Saturday, February 7, 2009

My Grandma's needlepoint

My grandma's needlepoint picture of a flower basket hangs over my couch. I think of all the time and care she put into making this lovely picture. I love the texture and colors. Looking at it closely, I want to know more about the woman who was my grandmother. First and foremost, she was a hard worker who never complained. She would work two jobs to help make ends meet. Her family did not have much money, but they tried hard to make the best life they could.

I never really got to know my grandmothers. I lost them when I was a young girl. As I look at the needlepoint, I try and visualize my grandmother's strong calloused hands as they gently push the needle through with love and care. I will keep this picture close to my heart and hope to live by her example especially when times are tough.

I also smile when I think of stories about my grandma and her love of the beach. I'm glad that she found a kind of sanctuary too.

5 comments:

Regina Marie said...

Hi there..that is touching. As for me, there were images and a small exchange of words for only both Grandmothers-that escape me...but there were those moments. I can hardly say I knew either of them as you. Both of my grandpas died before I was born.
Funny, the picture above looks like one I had on a small calander- which inspired a poem. I'm gearing up for a long season beginning in May which I hope to grow zinnias & sunflowers again. I was hopeless this past year to do a thing! So cheery- Thanks for stopping by-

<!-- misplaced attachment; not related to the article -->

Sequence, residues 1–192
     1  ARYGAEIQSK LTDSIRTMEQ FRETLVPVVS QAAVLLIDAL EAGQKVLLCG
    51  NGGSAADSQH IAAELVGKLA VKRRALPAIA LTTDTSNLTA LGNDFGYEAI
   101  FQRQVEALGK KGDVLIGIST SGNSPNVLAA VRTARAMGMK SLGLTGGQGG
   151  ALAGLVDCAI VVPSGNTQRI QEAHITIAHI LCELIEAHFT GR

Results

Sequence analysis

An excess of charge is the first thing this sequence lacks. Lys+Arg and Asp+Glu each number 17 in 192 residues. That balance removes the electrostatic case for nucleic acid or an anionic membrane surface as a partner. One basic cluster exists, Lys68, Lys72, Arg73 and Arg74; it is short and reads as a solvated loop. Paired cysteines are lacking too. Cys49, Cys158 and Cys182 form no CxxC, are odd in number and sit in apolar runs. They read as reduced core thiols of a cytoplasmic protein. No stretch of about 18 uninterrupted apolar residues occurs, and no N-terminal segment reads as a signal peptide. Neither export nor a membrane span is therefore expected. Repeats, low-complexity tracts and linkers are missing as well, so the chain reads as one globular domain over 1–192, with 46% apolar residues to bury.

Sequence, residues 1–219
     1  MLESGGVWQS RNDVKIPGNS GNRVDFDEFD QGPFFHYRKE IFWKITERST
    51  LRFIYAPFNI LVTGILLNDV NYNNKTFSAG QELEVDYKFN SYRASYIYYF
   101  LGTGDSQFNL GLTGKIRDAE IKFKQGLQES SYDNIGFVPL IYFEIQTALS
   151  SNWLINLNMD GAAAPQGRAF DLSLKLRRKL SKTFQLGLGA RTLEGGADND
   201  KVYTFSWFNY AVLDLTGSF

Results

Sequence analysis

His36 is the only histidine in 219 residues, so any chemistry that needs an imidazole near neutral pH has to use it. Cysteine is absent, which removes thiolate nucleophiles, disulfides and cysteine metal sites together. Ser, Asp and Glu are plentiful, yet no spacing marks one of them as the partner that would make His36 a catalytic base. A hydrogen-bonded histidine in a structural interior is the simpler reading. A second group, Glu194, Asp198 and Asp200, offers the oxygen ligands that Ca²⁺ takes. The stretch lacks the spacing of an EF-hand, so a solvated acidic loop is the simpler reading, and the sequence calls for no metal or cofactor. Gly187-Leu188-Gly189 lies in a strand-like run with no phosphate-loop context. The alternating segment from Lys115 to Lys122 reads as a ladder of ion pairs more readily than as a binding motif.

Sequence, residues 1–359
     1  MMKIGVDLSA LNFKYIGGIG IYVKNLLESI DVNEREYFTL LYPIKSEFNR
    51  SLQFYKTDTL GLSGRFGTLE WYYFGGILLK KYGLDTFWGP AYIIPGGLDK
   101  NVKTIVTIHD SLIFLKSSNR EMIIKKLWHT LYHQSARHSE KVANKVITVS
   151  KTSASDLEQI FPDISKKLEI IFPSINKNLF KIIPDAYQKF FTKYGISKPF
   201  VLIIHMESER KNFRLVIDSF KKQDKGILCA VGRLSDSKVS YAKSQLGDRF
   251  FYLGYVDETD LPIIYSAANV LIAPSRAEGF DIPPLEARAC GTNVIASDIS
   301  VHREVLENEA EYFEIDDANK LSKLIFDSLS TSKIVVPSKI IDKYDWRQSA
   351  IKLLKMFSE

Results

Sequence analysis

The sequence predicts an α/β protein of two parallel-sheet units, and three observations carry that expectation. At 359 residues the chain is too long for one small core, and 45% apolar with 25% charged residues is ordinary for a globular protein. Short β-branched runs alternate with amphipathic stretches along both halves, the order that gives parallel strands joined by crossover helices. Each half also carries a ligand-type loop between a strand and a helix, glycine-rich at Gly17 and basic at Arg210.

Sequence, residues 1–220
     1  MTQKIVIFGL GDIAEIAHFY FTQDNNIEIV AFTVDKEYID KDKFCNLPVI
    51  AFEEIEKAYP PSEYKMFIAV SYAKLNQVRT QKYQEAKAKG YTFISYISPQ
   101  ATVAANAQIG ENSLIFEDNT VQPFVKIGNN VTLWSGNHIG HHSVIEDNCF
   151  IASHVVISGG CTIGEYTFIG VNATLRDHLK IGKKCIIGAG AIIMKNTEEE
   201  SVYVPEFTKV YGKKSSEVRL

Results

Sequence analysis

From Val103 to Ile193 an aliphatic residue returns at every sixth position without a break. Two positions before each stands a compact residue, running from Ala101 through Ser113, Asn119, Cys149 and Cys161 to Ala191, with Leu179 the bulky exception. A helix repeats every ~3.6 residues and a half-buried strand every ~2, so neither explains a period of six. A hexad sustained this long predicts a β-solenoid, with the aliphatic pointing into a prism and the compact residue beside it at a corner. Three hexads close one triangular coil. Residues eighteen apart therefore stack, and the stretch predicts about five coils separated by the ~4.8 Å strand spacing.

Jerrie said...

Lovely post. I just lost my last grandparent, I am 34. I was very lucky indeed to have known all of my grandparents for at least 17 years. We just recently went through grandma's house. I picked a few special objects and her knitting needles. What a joy it will be to (re)learn how to knit with her needles. :)

Shelli said...

Thank you so much for stopping by my blog. We seem to have some things in common! I am grateful for having known both my grandmothers and having many stories, though there are so many stories left untold that I would like to know. I often think about these things.

Ann Victor said...

I was lucky enough to have my mischievous Ouma (= grandmother, literally, "old mother") until I was over 30. I still remember watching her make her own butter and feeding the winter lambs in front of the fire!

Septembermom, I wandered over to your blog from your post on Annie Wicking's blog. Thought you might be interested in a book on writing called "Writing begins with the Breath" by Laraine Herring ISBN 978-1-59030-473-0. Another good one is Osho's book "Creativity".

Caroline Kent said...

I miss my grandmother too. It's lovely when you have something which belongs to them.